Firstly, an enormous THANK YOU to Apex Publications for giving me the ARC of this title and letting me have the privilege of reviewing what is a most outstanding short story collection from an author I think every speculative fiction fan should have on their radar.
Sometimes a thread pulled through the flesh is all that holds you together. Sometimes the blade of a knife or the point of a nail is the only way you know you’re real. When pain becomes art and a quarter is buried deep within in you, all you want is to be seen, to have value, to be loved. But love can be fragile, folded into an origami elephant while you disappear, carried on the musical notes that build a bridge, or woven into an illusion so real, so perfect that you can fool yourself for a little while. Paper crumples, bridges fall, and illusions come to an end. Then you must pick up the pieces, stitch yourself back together, and shed your fear, because that is when you find out what you are truly made of and lift your voice, that is when you Sing Me Your Scars.
In her first collection of short fiction, Damien Angelica Walters weaves her lyrical voice through suffering and sorrow, teasing out the truth and discovering hope.
It’s rare that a blurb truly does a book justice and this one definitely does, capturing the essence of this collection in as poetic a way as the stories themselves are written.
Sing Me Your Scars is a collection of speculative short stories – from two page flash fiction to longer, more substantial pieces. While every story is its own, they all share common themes.The one that stood out the most for me is that of abuse and the painful journey victims must endure in order to overcome the damage inflicted upon, to take ownership of their lives and regain lost agency. There were several stories dealing with abuse, but each was rendered in such a unique way that the recurring theme never got stale. Walters explores the various forms of suffering and how this affects different people through poetic prose and vivid imagery, at once alarming and exquisite. I will, however, say that this collection tends more toward the horror genre and is probably not for the squeamish, or for those who may be triggered by reading about the trauma associated with abuse.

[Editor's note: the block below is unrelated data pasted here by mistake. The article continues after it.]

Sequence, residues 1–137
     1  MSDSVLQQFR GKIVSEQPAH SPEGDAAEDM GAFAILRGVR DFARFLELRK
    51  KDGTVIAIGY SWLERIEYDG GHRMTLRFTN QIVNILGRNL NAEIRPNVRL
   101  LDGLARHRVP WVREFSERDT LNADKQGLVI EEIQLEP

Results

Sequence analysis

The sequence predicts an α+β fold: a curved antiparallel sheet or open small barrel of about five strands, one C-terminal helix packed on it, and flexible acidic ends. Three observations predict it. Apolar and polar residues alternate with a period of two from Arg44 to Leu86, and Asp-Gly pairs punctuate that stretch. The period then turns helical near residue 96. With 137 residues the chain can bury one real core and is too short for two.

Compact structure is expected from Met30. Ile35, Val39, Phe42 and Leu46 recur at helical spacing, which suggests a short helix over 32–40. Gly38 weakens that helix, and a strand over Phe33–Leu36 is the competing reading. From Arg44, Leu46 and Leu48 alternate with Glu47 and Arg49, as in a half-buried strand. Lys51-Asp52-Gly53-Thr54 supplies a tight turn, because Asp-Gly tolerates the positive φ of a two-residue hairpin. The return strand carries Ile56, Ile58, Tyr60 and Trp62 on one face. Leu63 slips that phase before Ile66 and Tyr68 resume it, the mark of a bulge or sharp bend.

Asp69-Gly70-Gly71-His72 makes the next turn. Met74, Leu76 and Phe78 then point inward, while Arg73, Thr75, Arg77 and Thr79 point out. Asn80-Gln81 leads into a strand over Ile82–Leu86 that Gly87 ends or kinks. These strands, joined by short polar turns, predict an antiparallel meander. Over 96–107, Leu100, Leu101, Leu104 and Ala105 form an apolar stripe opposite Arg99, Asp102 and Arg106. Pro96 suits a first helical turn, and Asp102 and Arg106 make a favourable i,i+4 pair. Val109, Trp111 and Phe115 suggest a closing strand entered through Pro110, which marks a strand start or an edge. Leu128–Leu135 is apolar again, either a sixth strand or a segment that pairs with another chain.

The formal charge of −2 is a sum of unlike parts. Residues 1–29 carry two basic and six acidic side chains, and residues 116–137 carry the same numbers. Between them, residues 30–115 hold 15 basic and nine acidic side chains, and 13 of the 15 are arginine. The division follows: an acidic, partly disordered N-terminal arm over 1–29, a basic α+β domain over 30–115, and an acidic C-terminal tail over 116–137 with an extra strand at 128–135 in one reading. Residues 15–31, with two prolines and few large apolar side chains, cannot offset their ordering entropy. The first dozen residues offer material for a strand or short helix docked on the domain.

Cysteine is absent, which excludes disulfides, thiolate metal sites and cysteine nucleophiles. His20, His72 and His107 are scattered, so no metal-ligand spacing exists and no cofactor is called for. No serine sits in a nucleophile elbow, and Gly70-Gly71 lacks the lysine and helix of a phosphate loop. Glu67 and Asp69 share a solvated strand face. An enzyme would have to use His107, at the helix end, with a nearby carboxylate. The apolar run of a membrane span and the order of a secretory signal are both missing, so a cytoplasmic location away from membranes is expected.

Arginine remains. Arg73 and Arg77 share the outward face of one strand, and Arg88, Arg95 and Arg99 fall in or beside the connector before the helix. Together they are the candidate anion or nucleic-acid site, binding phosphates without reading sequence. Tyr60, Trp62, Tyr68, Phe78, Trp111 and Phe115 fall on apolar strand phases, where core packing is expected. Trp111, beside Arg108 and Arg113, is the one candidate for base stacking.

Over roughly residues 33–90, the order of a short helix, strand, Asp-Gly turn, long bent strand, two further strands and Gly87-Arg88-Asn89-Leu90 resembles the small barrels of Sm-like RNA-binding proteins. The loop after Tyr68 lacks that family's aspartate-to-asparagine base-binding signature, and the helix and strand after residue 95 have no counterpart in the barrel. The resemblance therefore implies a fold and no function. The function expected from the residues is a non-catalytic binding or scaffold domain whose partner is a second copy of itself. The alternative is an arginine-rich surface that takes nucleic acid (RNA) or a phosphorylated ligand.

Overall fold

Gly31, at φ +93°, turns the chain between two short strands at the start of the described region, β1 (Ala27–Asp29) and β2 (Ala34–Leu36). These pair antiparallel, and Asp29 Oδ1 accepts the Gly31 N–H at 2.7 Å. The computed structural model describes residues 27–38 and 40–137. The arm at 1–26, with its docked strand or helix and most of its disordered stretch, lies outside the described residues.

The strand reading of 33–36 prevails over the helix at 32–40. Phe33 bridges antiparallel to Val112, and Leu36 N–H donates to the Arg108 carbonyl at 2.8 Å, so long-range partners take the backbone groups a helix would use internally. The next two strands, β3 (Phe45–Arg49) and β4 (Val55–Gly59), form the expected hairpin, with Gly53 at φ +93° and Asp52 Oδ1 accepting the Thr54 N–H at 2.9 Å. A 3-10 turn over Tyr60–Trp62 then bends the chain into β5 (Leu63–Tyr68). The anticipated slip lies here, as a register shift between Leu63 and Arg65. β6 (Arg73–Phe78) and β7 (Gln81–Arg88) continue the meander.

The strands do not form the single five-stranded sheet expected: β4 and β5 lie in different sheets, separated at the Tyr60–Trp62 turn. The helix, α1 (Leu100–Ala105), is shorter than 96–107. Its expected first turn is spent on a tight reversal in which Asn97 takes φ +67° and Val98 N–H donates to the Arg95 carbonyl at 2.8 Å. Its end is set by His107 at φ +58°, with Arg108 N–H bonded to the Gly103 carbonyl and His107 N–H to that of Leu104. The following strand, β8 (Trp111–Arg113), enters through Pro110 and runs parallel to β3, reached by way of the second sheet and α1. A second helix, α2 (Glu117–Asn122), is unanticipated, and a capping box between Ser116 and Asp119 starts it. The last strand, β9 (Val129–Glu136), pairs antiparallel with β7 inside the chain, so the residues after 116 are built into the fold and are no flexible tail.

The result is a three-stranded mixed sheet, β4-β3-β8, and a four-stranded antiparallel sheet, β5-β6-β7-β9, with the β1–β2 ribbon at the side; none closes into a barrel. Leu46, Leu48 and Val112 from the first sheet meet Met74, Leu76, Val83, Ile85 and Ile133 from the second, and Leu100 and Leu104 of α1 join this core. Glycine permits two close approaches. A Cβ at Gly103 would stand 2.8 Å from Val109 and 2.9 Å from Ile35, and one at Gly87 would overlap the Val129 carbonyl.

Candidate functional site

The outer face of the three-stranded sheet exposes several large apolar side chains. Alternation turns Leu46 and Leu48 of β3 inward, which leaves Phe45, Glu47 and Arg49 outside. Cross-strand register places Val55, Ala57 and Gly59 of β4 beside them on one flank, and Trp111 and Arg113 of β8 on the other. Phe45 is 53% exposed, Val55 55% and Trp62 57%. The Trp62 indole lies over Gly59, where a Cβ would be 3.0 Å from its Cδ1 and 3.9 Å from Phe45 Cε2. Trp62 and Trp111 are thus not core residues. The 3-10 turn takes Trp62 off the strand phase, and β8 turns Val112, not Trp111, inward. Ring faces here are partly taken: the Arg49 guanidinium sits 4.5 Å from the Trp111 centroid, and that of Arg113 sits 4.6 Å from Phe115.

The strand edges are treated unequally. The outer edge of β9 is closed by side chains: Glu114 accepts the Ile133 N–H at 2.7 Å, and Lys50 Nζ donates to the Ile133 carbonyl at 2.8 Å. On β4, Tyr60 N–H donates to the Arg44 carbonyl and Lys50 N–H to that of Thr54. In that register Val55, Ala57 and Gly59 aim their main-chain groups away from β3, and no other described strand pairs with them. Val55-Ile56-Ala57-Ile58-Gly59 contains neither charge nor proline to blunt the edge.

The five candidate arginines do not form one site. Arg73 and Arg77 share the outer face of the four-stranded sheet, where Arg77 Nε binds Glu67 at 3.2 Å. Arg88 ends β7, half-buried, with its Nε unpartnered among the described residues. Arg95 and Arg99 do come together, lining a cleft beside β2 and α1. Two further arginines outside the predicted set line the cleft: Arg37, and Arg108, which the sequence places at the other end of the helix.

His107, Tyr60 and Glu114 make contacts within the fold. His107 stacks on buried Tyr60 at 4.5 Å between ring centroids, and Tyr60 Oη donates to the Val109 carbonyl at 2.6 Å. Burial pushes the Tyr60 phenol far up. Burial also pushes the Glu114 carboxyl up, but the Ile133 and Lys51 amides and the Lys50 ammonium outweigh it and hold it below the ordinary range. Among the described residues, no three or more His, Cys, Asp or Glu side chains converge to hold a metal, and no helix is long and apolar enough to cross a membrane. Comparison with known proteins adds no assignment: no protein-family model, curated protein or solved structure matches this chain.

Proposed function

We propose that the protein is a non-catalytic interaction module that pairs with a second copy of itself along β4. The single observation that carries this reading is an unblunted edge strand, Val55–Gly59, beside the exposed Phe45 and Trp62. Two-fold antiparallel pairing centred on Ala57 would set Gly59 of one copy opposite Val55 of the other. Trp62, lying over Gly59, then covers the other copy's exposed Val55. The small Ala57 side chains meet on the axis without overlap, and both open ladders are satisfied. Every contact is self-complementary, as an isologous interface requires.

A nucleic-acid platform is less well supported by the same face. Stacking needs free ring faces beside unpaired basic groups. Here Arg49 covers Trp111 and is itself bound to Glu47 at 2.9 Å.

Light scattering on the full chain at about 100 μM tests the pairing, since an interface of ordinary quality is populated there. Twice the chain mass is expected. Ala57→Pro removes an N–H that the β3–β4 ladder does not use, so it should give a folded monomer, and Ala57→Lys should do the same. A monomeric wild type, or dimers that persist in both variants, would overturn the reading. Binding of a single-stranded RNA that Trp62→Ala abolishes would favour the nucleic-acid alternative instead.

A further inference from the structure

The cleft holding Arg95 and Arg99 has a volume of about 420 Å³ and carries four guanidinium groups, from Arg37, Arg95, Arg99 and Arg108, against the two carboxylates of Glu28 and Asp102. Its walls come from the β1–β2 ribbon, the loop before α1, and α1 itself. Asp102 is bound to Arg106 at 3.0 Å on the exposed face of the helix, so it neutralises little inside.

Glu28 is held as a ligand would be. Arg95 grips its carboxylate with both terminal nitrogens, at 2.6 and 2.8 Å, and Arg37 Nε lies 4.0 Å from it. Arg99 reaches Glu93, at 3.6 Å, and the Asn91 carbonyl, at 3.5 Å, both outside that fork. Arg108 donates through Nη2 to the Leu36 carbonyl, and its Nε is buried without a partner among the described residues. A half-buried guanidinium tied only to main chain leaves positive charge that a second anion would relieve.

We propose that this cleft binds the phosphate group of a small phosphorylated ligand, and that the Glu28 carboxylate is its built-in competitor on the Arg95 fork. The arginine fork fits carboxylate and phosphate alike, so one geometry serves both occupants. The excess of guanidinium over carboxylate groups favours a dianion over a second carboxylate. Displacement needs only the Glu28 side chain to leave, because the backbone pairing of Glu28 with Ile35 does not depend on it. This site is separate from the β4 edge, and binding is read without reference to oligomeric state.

One of the biggest problems I usually have when reading short story collections, is being irritated that the story I’m enjoying ends too soon. I often experience a sort of literary whiplash reading anthologies and collections because I feel catapulted from one story to the next without being able to truly connect to the characters or settings. I never experienced this in Sing Me Your Scars. While there were definitely many stories I would happily read as novels, the continuity of style provides seamless transitions between stories which focus more on character and imagery than setting and plot. That’s one of the reasons I loved this book so much. I felt immersed in the story world from cover to cover despite the constant change of characters, countries and even eras. I was also delighted to see the inclusion of LGBT+ characters in this collection.
There are two writers I hold in extremely high regard and am happy to call my favourites: Poppy Z Brite and Neil Gaiman. I have read and loved short story collections by both these authors and I would happily shelve Sing Me Your Scars right alongside Wormwood and Fragile Things. Like Brite, Walters brings beauty to the grotesque with devastatingly exquisite images of both the brutal and macabre. This is a skill I envy as an author and am definitely going to be rereading passages from Sing Me Your Scars as I have reread passages from Lost Souls and Wormwood. Like Gaiman, Walters weaves subtle magic through her stories, sometimes tantalizing with a mere mention of the bizarre while the story remains firmly rooted in the real. Other times, Walters creates a lush fantasy world in which the reader becomes quickly immersed despite the limited word count of these stories. I am in awe of this author’s ability to achieve so much in so few words.
Until I read this collection, my favourite short story was, of course, one by Gaiman (‘Cold Colors’ from Smoke & Mirrors), but Girl, with Coin by Walters absolutely blew me away and left me reeling for days (I still can’t stop thinking about this story!). Of all the brilliant, beautiful and powerful stories in this collection, Girl, with Coin had an immediate and lasting impact, and this story has just become a new favourite – I loved it even more than works by Brite! – tied with Cold Colors and ear-marked as a story to which I plan to return time and again.
If you enjoy your speculative fiction dark and introspective, exquisite and chilling, beautiful and bloody, then this is the collection for you. I cannot recommend it enough. 5/5 glorious ink splats for this amazing book!
If you’d like to find out more about the author, please head over to my blog to read an interview with Damien Angelica Walters about Sing Me Your Scars and her forthcoming novel, Paper Tigers.